We were quickly ushered to the front of the open air service, facing the cheerfully singing congregation. Though the songs were not familiar, the spirit was. The air was filled with not only the sounds of praises from our church, but 5 other churches in the immediate area. The cacophony of worship wafted to the heavens in a dissonant melody that was grotesque and  glorious at the same time.

Ken preached an moving message with the help of Rev. Ocran, who translated into the local language of Twi. The pastor of the church, Rev. Kwame Frempong closed in prayer. After the service was over, we were greeted with hugs and handshakes from our Ghanaian brothers and sisters in Christ.

The next 24 hours would be filled with conversations and meetings regarding the state of The Wesleyan Church, especially in southern Ghana. While we had seen a beautiful example of God’s people worshiping together, the church overall is experiencing growing pains. Of the dozens of Wesleyan Churches in Ghana, there are only four ordained ministers. There is no Bible college for Wesleyan pastors in Ghana, so creative methods have been employed to train pastors as quickly as possible.

One pastor pulled us aside after one of the meetings and quietly asked, “Do you have a study Bible? Next time you come would you bring me one? I need help preparing messages.”

At another point a different pastor asked for Sunday School curriculum. “We don’t have any Wesleyan curriculum, and we struggle to know what connects us to The Wesleyan Church as a whole.”

Another reminded us that since he had an open air church without walls, his congregation would leave when the rainy season came, to attend one of the neighboring churches that provided more shelter from the rain. “Some walls would protect our congregation from getting wet during worship while it storms.”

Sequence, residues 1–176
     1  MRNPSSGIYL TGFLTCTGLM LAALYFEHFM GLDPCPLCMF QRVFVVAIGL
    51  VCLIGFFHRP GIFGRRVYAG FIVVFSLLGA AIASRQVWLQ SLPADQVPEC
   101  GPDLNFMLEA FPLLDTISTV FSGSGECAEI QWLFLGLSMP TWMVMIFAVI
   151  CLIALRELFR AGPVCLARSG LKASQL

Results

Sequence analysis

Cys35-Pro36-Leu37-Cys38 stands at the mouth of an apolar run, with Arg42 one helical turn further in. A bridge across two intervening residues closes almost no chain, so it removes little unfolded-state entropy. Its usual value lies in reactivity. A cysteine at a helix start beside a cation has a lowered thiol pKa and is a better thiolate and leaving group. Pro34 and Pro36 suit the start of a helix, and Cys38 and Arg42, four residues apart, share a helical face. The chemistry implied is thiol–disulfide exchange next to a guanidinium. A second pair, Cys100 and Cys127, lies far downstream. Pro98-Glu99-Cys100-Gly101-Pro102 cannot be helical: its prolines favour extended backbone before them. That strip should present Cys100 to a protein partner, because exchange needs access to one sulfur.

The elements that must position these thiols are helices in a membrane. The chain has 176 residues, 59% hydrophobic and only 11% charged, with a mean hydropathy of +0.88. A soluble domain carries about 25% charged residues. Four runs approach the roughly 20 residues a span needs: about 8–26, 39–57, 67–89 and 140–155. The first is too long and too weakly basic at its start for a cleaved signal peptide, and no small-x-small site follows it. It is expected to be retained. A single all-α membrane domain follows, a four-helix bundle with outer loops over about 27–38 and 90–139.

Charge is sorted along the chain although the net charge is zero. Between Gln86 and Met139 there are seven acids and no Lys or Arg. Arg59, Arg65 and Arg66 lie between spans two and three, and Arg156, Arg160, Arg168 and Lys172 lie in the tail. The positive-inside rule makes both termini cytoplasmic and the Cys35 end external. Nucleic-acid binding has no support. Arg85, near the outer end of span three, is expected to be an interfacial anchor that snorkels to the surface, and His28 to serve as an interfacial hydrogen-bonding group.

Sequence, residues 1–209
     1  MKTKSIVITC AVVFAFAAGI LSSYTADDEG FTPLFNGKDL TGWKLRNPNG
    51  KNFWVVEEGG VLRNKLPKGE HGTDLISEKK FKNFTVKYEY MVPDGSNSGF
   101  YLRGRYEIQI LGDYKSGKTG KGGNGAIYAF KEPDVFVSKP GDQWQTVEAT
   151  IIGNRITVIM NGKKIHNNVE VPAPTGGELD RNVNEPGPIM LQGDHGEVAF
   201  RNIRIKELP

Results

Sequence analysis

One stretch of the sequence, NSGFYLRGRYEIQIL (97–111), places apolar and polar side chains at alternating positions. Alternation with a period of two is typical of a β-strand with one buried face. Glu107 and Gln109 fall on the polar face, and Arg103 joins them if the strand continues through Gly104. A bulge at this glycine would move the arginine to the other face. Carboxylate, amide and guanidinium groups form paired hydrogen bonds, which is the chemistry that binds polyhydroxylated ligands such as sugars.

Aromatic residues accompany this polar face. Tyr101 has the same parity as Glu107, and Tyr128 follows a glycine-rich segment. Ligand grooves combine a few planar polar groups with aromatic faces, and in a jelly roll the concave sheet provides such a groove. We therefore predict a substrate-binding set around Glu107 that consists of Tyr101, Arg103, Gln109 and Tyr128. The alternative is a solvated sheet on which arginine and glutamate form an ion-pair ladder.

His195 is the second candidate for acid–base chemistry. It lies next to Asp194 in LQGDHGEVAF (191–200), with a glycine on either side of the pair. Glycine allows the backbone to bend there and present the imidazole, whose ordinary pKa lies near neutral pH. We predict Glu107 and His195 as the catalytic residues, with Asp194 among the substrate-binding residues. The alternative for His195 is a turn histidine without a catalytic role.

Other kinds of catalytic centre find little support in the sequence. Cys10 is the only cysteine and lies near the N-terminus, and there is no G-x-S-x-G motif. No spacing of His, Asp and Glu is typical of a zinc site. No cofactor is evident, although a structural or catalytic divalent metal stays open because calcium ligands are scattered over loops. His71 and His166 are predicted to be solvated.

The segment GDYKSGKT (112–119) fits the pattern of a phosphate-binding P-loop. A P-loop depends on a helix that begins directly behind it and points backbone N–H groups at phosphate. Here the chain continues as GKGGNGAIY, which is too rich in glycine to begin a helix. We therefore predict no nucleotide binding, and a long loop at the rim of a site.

Their requests and wish lists were not complex.

A study Bible. I knew that I have at least 5 sitting at home on my shelf.

Curriculum. Ken and I are curriculum collectors and writers. My first job out of college was writing curriculum for The Wesleyan Church. Ken has written or adapted his own curriculum for the past two decades. They had none.

Walls for their church. Not marble floors, nor a baptistry, nor a giant spinning globe to prove how missional they were, nor air conditioning for the awful heat. They wanted walls to enclose them and protect them from the rain during the rainy season.

The remark, however, that challenged me most was being asked, “How much does it cost Americans to convert one person to Christianity?”

I didn’t know the answer. I was afraid of the answer. Since I’ve returned to the States, the answer has been more disappointing than I had anticipated.  Research has shown figures as high as $1.5 million dollars spent by churches per baptism in the United States. Not that we spend that number directly on each person, but others studies show that of all of the money spent by The American Church, there are relatively few converts. Statistically speaking, if a church is older than 10 years, it takes an average of 85 people to win one person to Christ. The vast majority of church budgets are spent on staffing and maintaining the church, not reaching new souls. For years, I have wrestled with church dinners, youth group all-nighters, seasonal children’s parties, ski trips, even mission trips where not one new person is reached with the gospel. We have become master maintainers, instead of master soul winners and disciple makers.

“I tell you,” he contrasted, “that it is very inexpensive in Ghana to reach people with the gospel. Here, people are coming to know Christ for the first time, not merely changing churches. People of other religions are calling on the name of Jesus, and we are struggling to support them. If a Muslim converts to Christianity, and he is seen meeting in a Wesleyan church under a mango tree, or in a church without walls, his life is in danger. Even if he does come, do we ourselves have the ability to disciple him in his growing faith without curriculum?”

Another pastor continued, “Our dilemma is this: Should we stop reaching out to people with the gospel if we cannot support them after they surrender their lives to Christ?”